“Several years ago, the benefits were really good,” says Ryther, adding, “There was a 15 percent guaranteed retirement match.” But then in more recent years, she says that coverage was reduced to 10 percent. This past January, workers at the company discovered that their retirement match was further cut by half, to 5 percent. “As of right now,” says Ryther, “there is no guaranteed retirement contribution.”
Wages are also a huge issue. “The pay structure is set up so that some folks who have worked for the company for several years make less than people who are hired now,” says Ryther.
Ryther also takes issue with the fact that there is no job security at her workplace. “Trader Joe’s is an ‘at-will’ company, which means they can let folks go for no reason or small reasons.” Union membership can bring contracts that prevent workers from being fired without cause—a critical protection for those active in labor organizing.
Rather unsurprisingly, Trader Joe’s reportedly began engaging in union-busting tactics as soon as it was clear that employees were agitating for better working conditions. Several workers at the Hadley store who wore Trader Joe’s United pins said they were retaliated against and sent home before their shifts were over, even though wearing pro-union insignia is protected by the National Labor Relations Board (NLRB). There was similar retaliation against workers at a Vermont store, with one worker even being fired. Employees filed a complaint to the NLRB and won.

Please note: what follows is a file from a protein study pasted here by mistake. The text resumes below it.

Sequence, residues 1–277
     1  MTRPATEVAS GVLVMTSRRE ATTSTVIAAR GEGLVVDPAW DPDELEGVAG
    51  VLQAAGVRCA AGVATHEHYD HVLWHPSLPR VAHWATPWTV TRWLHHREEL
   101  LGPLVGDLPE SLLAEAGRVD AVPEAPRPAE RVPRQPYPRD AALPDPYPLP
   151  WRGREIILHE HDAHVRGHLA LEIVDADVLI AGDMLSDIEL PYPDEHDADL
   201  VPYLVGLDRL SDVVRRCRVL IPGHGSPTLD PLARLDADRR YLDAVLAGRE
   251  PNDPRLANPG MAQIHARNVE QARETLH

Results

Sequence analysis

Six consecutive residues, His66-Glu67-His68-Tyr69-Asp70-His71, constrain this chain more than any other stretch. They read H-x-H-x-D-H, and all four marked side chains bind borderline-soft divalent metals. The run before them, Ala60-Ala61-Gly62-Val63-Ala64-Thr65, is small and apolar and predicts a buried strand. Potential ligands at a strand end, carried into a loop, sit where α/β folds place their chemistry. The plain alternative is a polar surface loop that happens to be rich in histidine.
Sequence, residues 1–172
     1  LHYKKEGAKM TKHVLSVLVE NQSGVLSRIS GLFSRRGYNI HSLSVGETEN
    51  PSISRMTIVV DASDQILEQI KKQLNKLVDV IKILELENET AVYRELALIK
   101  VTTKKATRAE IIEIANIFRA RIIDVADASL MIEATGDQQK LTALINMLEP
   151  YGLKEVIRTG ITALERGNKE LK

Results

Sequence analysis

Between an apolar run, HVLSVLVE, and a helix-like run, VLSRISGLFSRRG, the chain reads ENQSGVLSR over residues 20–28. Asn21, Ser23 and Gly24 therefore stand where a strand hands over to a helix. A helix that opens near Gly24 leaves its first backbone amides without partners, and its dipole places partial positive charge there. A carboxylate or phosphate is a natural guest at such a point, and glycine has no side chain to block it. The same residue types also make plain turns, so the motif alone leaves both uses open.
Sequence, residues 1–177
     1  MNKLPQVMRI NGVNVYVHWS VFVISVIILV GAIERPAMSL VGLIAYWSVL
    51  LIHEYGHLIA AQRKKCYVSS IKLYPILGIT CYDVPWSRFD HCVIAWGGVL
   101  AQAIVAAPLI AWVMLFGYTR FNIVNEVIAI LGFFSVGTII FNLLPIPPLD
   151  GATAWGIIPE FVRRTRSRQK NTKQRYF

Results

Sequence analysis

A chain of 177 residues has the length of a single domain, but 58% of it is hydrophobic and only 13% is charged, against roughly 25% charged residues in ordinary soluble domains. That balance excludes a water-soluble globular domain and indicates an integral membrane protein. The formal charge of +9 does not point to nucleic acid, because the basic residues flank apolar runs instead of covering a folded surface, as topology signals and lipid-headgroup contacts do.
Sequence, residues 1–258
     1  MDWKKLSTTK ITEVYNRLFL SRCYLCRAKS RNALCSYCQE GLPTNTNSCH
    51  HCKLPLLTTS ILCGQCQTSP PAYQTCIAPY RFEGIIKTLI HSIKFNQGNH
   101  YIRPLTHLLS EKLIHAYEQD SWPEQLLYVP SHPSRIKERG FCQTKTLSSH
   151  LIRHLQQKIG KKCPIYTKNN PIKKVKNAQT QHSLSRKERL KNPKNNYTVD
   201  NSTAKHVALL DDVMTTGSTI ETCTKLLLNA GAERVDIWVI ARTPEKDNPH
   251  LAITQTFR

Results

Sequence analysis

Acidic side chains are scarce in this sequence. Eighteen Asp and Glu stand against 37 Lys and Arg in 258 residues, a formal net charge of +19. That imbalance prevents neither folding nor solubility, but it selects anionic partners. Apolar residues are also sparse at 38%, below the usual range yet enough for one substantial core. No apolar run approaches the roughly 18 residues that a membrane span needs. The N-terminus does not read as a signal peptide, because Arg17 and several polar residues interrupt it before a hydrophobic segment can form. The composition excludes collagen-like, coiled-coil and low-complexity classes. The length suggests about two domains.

Ryther, like many young workers around the country who have no direct experience with unions, says it has been a journey for her and her colleagues; they have been working since February to educate themselves “about what unions are, what a union could mean for Trader Joe’s and for our daily work life.”
When the Hadley store’s union election date was set for late July, a Trader Joe’s spokesperson named Nakia Rohde sent an email to workers saying, “We are happy the dates have been set. Trader Joe’s is a great place to work, and we look forward to our Crew Members having a chance to vote on keeping things as they are or being represented by this SEIU-backed group.”
Ryther says she had never even heard of SEIU, the Service Employees International Union, a well-established and large union that happens to be a favorite target of right-wing media. Indeed, Trader Joe’s United is not affiliated with SEIU or any existing union. The company’s reference to SEIU was likely a sly bid to undermine the newly formed independent union.
But, like many corporations whose progressive façade is crumbling in the eyes of their young workers, Trader Joe’s may well lose the battle over unions. One former worker at a Florida store, Noella Williams, who resigned in protest of numerous concerns, published a litany of complaints this past June, adding to the company’s eroding reputation and confirming the views of many disgruntled workers.
For most of her fellow workers, “it’s a no-brainer” to unionize, says Ryther, who hopes her Minneapolis store colleagues will soon follow in the footsteps of their counterparts in Hadley, Massachusetts, with a union election date.
“We are very, very, excited to be able to vote in this election,” she says.
This article was produced by Economy for All, a project of the Independent Media Institute.